Facebook Advertisement Advertisement Advertisement TPT Landscape – Hariri Pontarini Architects The campaign is co-chaired by Ophelia Lazaridis and Dr. M. Lee Myers, with the Honourable Michael Meighen serving as Honorary Chair.“This campaign will permit us to create a stunning new facility, fund the centre’s new and expanded programs, and ultimately strengthen a very important part of Canada’s cultural heritage,” says Dr. Myers, a cardiac surgeon at the London Health Sciences Centre. Dr. Myers first joined the Stratford Festival’s Board of Governors in 2002 and was Board Chair from March 2010 to 2012. She is currently a member of the Board of Governors, a director of the Festival’s Foundation Board and Chair of the Campaign’s steering committee and campaign cabinet.“I am inspired by what the Festival has accomplished and even more energized for the future with this new theatre centre,” says Ophelia Lazaridis, who was a member of the Festival’s Board of Governors from 2007 to 2014, serving as Chair of the Education and Archives Committee. “I am particularly enthusiastic to support the Festival’s efforts to expand the youth audience and applaud the advances in education initiatives that will be made possible at the new Tom Patterson Theatre. That is why I have pledged $10 million to this campaign.” Ophelia Lazaridis has been a key supporter of the Stratford Festival for more than a decade.Michael Meighen, a lawyer and retired Senator, was a member of the Festival’s Board of Governors from 1986 to 1997, serving as Board Chair from 1996 through 1997. He was Chair of the Festival’s Act III campaign to renew the Festival Theatre from 1995 to 1997. “Members of the Meighen family have been supporters of the Stratford Festival for three generations,” he says, “and we are proud to be involved with this newest project, which will see the Festival in an excellent position to remain a world leader in theatrical production and cultural tourism.”Also serving as core members of the campaign are: Dan Bernstein (Westport, CT), Sylvia Chrominska (Toronto), Robert Gorlin (Northville, MI), Beth Kronfeld (Chicago), Rick Orr (Stratford), Dr. Cecil Rorabeck(London, ON), Carol Stephenson (London, ON) and Donald Woodley (Mono Township, ON).“We are so grateful to Lee, Ophelia, Michael and the entire campaign team for the dedication and expertise they bring to this project,” says Mr. Cimolino. “We are also indebted to Tim MacDonald, Chair of the Building Committee, who is guiding us so well in the process, and our Board Chair, Dan Bernstein, who, in addition to leading the global search for the architect for this wonderful new theatre, was our remarkable first lead donor.”Mr. Bernstein and his wife, Claire Foerster, have pledged $10 million to the campaign. “Claire and I take great pleasure in supporting this important project at a theatre that has meant so much to our family over the years,” says Mr. Bernstein, who is Senior Strategist and Director of Bridgewater Associates in Westport, Connecticut. “The Stratford Festival is a remarkable theatre company with vast capabilities not only in performance and production, but also in theatre education, new play development and cultural digital content.”The Festival has also been promised $20 million in funding from the federal government and $20 million from the Ontario government. In addition to the leadership gifts from Ophelia Lazaridis and from Dan Bernstein and Claire Foerster, a further $10 million in pledges has already been received – with details to be announced in coming weeks – so the campaign has already reached 70% of its goal.The Stratford Festival is one of the world’s leading theatres and the largest classical repertory company in North America, presenting a seven-month season of about a dozen plays in four venues. It offers an immersive experience that not only reflects society but also acts as an influential force within it, providing a crucible for artistic and intellectual exploration, an arena for engagement and interaction, and a centre for education and global outreach.At the beginning of their joint tenure in 2013, Mr. Cimolino and Ms Gaffney introduced three new initiatives that have shown tremendous growth and now require space of their own in order to flourish: the Stratford Festival Laboratory for the development of new work and theatre practices; the Stratford Festival Forum, which offers about 150 events each season to shed light on the themes of the plays as reflected in society today; and the Festival’s digital initiatives, which include Stratford Festival HD, which is capturing all of Shakespeare’s plays on film over a period of 10 years. The new theatre centre will house all of these projects, along with outreach programs developed and led by the Festival’s Education Department.At the heart of the centre will be a jewel-box theatre with all of the character and intimacy of the existing Tom Patterson auditorium, but with greatly expanded production and patron facilities.For 46 years, the Tom Patterson Theatre has been housed in a City-owned facility originally built in the early 20th century as a curling rink. Though a much-loved creative space, with a distinctive thrust stage wrapped in close embrace by the audience around it, the theatre suffered from cramped and uncomfortable seating, poor accessibility and limited production capabilities. The structure has been deemed by the Festival’s engineers to be at the end of its viable life.“The new auditorium will expand upon the magical qualities of the existing Tom Patterson Theatre,” says Mr. Cimolino. “It will be uniformly intimate. It will have vastly improved acoustics and a much greater sense of comfort for audience members. It will take the strengths of the current theatre and make them bespoke – tailored with the finest materials and craftsmanship.“Our architect, Siamak Hariri, has designed an inspiring space, which we believe will be the best theatre room in North America, a space worthy of the exceptional work that has always been produced in this well-loved theatre. We hope it will be a shining example of legacy architecture, like the Sydney Opera House or the Guggenheim Museum in Bilbao, Spain – but on a smaller scale suitable to our beautiful riverside setting.”The auditorium at the heart of the new centre will be clad in softly lime-washed masonry and surrounded by a veil of shimmering glass, hung with thin bronze mullions. A two-acre terraced garden, beautiful enough to be a landmark in itself, will stretch from one end of the site to the other.The theatre will have a slightly larger capacity and longer season. Together with the expansion of Forum, education and digital offerings, it is estimated that the new centre will generate an additional $14 million per year in economic activity, on top of the $134 million already generated annually by the Festival as a whole.“Just as the creation of the Festival transformed our city 65 years ago, this new theatre will add great depth and opportunity to our community,” says Ms Gaffney. “The expanded education and Forum activities will help us to develop new audiences – including the important youth market – and the beautiful auditorium will open wonderful creative avenues, setting us apart from other world-class theatres and helping us to attract visitors from around the globe.” LEAVE A REPLY Cancel replyLog in to leave a comment Login/Register With: STRATFORD, ON – Artistic Director Antoni Cimolino and Executive Director Anita Gaffney are excited to announce the launch of The Spirit of the Tent: A Campaign for the New Tom Patterson Theatre Centre. To mark the launch, Ophelia Lazaridis has announced a gift of $10 million. TPT Landscape – Hariri Pontarini Architects TPT Lobby – Hariri Pontarini Architects TPT Model – Hariri Pontarini Architects Garden view – Hariri Pontarini Architects Night view – Hariri Pontarini Architects Stage view – Hariri Pontarini Architects. The $100-million campaign will provide the capital for a stunning new facility, designed by acclaimed architect Siamak Hariri of Toronto-based Hariri Pontarini, along with a fund to support the long-term viability of the centre and the programs it will house.“This is a big day for Stratford,” says Mr. Cimolino. “We are so grateful to Ophelia for coming forward with such a remarkable gift for this important project. The Tom Patterson Theatre is one of our most treasured creative spaces, but one that is woefully inadequate for the calibre of performance and experience our patrons have come to expect. This campaign will allow us to turn it into a facility befitting the founder whose name it bears. Together with our artists, staff and most generous donors, we look forward to rekindling the infectious spirit that Tom Patterson inspired 65 years ago, a spirit that awakened a belief in Canadian creativity and changed the cultural landscape of this country.” Twitter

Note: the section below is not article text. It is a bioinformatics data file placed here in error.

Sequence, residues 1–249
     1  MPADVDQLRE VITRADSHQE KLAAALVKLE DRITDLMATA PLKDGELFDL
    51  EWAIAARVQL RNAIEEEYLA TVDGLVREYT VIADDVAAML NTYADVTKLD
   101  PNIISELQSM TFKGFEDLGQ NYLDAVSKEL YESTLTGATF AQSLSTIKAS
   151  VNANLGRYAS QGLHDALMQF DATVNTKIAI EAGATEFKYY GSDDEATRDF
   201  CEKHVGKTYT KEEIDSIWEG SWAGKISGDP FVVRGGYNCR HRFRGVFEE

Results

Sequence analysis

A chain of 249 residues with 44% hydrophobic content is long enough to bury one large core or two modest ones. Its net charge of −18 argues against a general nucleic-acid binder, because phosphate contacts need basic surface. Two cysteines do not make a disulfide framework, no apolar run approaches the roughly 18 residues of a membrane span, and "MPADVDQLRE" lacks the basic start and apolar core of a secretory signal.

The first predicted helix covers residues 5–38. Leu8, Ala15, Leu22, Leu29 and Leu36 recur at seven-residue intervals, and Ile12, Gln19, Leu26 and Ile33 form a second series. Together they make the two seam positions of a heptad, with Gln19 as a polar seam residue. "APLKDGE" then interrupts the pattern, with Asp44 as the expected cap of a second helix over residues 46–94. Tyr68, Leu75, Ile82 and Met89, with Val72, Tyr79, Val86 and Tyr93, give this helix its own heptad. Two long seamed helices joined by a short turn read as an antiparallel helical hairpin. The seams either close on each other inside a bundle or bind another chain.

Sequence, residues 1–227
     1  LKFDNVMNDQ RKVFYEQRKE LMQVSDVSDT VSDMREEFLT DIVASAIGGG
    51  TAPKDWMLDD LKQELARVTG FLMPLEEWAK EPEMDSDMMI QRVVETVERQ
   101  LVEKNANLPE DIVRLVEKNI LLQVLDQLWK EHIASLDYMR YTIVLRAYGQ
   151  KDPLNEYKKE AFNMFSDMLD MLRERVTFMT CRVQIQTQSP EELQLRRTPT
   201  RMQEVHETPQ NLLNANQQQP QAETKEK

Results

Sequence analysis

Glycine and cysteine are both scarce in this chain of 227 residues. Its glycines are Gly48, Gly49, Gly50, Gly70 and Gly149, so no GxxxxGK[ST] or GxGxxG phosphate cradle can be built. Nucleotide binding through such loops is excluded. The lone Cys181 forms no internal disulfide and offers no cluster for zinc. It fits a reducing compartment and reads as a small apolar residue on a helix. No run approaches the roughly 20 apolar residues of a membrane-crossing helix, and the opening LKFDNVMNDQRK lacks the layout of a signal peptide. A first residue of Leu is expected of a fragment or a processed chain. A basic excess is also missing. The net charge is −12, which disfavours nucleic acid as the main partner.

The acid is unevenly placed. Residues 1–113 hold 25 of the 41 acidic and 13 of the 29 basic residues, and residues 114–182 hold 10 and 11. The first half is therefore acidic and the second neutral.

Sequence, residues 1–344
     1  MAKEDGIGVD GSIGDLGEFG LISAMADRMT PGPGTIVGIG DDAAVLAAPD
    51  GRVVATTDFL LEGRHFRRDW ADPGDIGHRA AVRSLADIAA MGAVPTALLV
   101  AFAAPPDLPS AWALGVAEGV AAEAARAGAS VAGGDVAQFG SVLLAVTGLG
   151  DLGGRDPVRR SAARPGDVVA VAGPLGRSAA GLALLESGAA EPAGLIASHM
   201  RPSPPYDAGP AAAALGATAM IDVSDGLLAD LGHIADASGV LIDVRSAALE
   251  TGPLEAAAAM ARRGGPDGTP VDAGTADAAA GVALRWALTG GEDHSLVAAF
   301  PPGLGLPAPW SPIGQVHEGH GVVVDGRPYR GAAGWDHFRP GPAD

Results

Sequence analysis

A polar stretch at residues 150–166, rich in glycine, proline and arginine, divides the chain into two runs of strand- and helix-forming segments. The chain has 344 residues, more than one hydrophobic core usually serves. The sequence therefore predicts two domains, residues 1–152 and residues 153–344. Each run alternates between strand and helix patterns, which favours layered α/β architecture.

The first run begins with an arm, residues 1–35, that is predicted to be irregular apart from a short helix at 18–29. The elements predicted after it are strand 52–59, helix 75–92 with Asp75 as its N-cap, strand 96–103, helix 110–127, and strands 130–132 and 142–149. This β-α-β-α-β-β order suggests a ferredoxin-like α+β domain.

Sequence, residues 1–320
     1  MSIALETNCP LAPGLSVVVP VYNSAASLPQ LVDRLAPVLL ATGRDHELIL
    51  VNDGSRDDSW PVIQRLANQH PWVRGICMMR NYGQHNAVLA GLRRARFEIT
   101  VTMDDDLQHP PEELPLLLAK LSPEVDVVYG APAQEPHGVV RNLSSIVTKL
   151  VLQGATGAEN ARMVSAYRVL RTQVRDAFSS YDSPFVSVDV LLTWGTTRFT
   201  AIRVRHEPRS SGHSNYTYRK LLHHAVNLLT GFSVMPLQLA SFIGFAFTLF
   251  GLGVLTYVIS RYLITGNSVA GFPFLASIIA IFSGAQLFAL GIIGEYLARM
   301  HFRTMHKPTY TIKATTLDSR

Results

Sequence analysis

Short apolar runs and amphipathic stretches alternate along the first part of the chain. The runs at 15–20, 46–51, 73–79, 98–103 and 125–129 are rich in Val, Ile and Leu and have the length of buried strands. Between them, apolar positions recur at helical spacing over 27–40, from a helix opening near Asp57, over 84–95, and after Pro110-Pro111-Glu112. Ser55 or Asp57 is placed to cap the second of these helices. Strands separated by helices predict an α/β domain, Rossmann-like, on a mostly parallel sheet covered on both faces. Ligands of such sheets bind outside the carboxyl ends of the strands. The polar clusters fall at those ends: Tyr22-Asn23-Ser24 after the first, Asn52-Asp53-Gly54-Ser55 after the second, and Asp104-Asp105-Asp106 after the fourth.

Advertisement Twitter Advertisement Facebook “…KILLING EVE is relentlessly engaging and surprising where it’s least expected, making for the next must-see show of 2018.” – The Hollywood Reporter“…KILLING EVE is a gorgeous scoop of sinister.” – SalonOn Metacritic, a site that aggregates reviews, KILLING EVE currently has score of 83, making it one of the best-reviewed on the site this year. The Ringer clearly agrees, as they rank KILLING EVE among “The Best TV of 2018—So Far.”The love for the series’ first season doesn’t stop there. At the upcoming Television Critics Association Awards, KILLING EVE is up for five awards, the most nominations for any series this year. Both Sandra Oh and Jodie Comer are nominated for Individual Achievement in Drama, while the series itself is nominated for Outstanding New Program, Outstanding Achievement in Drama, and Program of the Year.Sandra Oh is Back!Best known for her 10-year run as Cristina Yang on GREY’S ANTOMY, Sandra Oh makes a triumphant return to television in KILLING EVE as Eve, a quick-witted but bored MI5 security services operative whose desk job conflicts with her ambitions of being a spy. The role, which she told Vogue has “taken me 30 years to get,” has netted Oh significant praise from critics, with Salon stating “KILLING EVE belongs to Sandra Oh” and The Atlantic noting that “Oh anchors the show.” Vulture went so far as to proclaim that “the best actress on TV is KILLING EVE’s Sandra Oh” Meet Villanelle!Every cat needs its mouse and Villanelle is one psychopathic mouse. Played by Jodie Comer, Villanelle is a polished, highly skilled killer-for-hire, or as Rolling Stone describes her, “a cheeky, blithely amoral girl’s girl with a penchant for nice clothes, a deep love of her craft (i.e. brutally murdering people against a variety of European backdrops in highly creative ways) and a doomed longing for a friend who really gets her.”Vanity Fair calls the character “one of the most magnetic, roguish psychopaths in TV history.” Comer, who “is exceptional in the role,” according to The Atlantic, deserves some of credit for the acclaim, as Waller-Bridge told Rolling Stone “she didn’t so much run with the character as shoot off into space with her.”KILLING EVE premieres Sunday, July 22 at 9 p.m. ET on Bravo. Press screeners for the first two episodes are available now (login using your media site credentials). LEAVE A REPLY Cancel replyLog in to leave a comment Login/Register With: Advertisement Created by Phoebe Waller-Bridge (FLEABAG), and based on the novellas by Luke Jennings, KILLING EVE is a genre-bending cat-and-mouse spy thriller starring Canadian actress Sandra Oh as Eve, an MI5 operative who is tasked with tracking down the psychopathic contract killer Villanelle (Jodie Comer, THE WHITE PRINCESS). The critically-acclaimed suspenseful drama makes it Canadian debut Sunday, July 22 at 9 p.m. ET on Bravo and it’s bringing its buzz with it! Here’s why Canadians should be excited:This Trailer!Critics Love It! They Really Love It!“KILLING EVE is a funny, witty, bright show…” – Slate
Login/Register With: Advertisement Advertisement TORONTO, ON – Today, L’Oréal Paris launched a call for nominations for the 2019 Women of Worth Awards honouring 10 inspiring women who are leaders in their communities and inspire others to greatness. In its third year, the Canadian edition of L’Oréal Paris’ Women of Worth recognizes a diverse group of women who find beauty in giving back through their volunteerism and charitable contributions. Embodying the famed L’Oréal Paris signature phrase, “Because You’re Worth It,” the signature philanthropic program honours women who are motivated by their passion to advance conversation, foster collaboration and inspire action that facilitates meaningful change.Now through January 8th, 2019 Canadians across the country are invited to visit womenofworth.ca to nominate a volunteer, philanthropist or change-maker, of any age, to be given the chance to receive a $10,000 donation on behalf of their cause, while being honoured a Woman of Worth.Each year, the 10 extraordinary women are selected from hundreds of nominations and chosen for the significant contributions they have made across a breadth of causes and important initiatives. The nominees will be judged on four distinct criteria – addressing a crucial need in the community, the impact their inspiring contributions have made, their innovation on developing solutions, and their passion to evoke change and inspire future generations. The Honourees will join esteemed alumni of Canadian women who have broken down barriers, built and strengthened communities and fought passionately to make the world a better and more loving place. LEAVE A REPLY Cancel replyLog in to leave a comment Advertisement Facebook “Each year, we are incredibly humbled by the touching, and often heartbreaking stories and achievements of these extraordinary women. They go beyond the extra mile with their time, talent, commitment and care for their neighbours and those in need around the globe,” said Milan Mladjenovic, General Manager, L’Oréal Paris Canada. “I’m in awe of this amazing group of women and their words of inspiration. It’s a true privilege to recognize and honour these noble advocates, share their stories and provide a contribution to meaningful causes that affect all of us.”All of the 2019 Honourees will receive an all-expenses paid trip for two to Toronto to attend the star-studded awards gala on March 8th, hosted by L’Oréal Paris. Previous Honourees of the Canadian edition of this humanitarian program, as well as a notable L’Oréal Paris spokeswoman, will also attend the ceremony. The innovations of past award recipients have resulted in significant advancements for aid in sheltering the homeless, to fighting for the rights of refugees; caring for cancer patients, to protecting our environment, and supporting Canadians living with food insecurity; these women are truly making inspiring contributions and beautiful changes to our world.“When you’re in the vicinity of people of this quality, that energy, that calibre of heart – it’s an impressive experience. It’s better than going to the Oscars…” said Dame Helen Mirren, L’Oréal Paris Ambassador.Dame Helen Mirren and the 2018 Women of Worth Honourees. Photo credit: L’Oréal Paris c/o Ryan EmberleyCome February, the 10 nominees will be announced and Canadians will have the opportunity to vote for a National Honouree to be awarded an additional $10,000 grant for her non-profit cause. The public can visit womenofworth.ca to read more details about each Honouree’s inspirational cause and vote for their favourite until March 4th. Voters can cast one online vote per email address each day. These votes will be a core factor in the judging panel’s selection of the 2019 National Honouree.To learn about past Canadian Honourees, to nominate a woman making a difference and to cast your vote for the National Honouree, visit womenofworth.ca.About L’Oréal ParisL’Oréal Paris, the world’s no.1 beauty brand, is dedicated to empowering women and men by offering the most luxurious and innovative products and services available in the mass market. For most, the name “L’Oréal” is immediately evocative of the brand’s signature phrase, “Because I’m Worth It.”— the tagline behind the legendary advertising campaign for the Superior Preference® hair colour launch in 1973. Today, it represents the essence of the L’Oréal Paris brand as a whole, a spirit which is about helping every woman – and man – embrace their unique beauty while reinforcing their inner sense of self-worth. For more than 100 years, L’Oréal Paris has held an unparalleled commitment to advancement in technology, innovation and research, providing ground-breaking, high-quality products for women, men, and children of all ages and ethnicities in five major beauty categories: cosmetics, skincare, hair color, haircare, and men’s grooming.Twitter:@lorealparisCANFacebook: @lorealpariscanadaInstagram: @lorealmakeupHashtag: #womenofworthCAN Twitter